A USAToday/Gallup poll this week reached a milestone, and not a good one: for the first time in nearly 30 years, most Americans say today’s youth won’t be better off than their parents
The survey found only 44 percent of the general public believe today’s young people will be better off, and there’s even greater doubt among older people (only 36 percent of those aged 50 to 64, for example) and among those who make more than $75,000 a year.
This is an even lower rating than at the height of the Great Recession (59 percent in 2009) or the dark days after 9/11 (71 percent in December 2001).
Our Slip-Sliding Away survey
released earlier this year may shed some light on those results. In our survey, we found that four in 10 Americans say they’re struggling “a lot” in the current economy. But the striking thing to us what that even those who are struggling to pay bills in the here and now are more concerned about their long-term security. They’re more worried about being able to retire and pay for their children’s college education than they are about making their current bills.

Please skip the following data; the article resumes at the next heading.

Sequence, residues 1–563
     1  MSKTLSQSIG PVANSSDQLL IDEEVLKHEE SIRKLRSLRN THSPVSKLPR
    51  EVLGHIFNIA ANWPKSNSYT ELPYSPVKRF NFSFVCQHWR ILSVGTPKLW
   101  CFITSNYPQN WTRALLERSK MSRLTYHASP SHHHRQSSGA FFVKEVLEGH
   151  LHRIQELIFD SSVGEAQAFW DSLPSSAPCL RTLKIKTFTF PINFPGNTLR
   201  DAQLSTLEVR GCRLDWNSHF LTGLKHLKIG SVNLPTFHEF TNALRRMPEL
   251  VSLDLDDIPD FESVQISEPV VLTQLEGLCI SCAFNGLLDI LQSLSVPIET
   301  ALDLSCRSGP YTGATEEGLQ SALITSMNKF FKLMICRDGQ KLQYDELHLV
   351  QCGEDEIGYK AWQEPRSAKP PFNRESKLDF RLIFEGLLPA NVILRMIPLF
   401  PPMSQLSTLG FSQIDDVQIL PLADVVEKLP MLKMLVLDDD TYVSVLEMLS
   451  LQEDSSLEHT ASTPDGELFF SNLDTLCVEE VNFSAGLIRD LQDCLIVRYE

And when asked what would help struggling people the most, the public leans toward higher education, job training, and preserving Social Security and Medicare
– all questions focused on the future.
Based on this, there’s a pervasive worry about permanently sliding down the economic ladder – and this could be reflected in the data about how young people will fare in the future.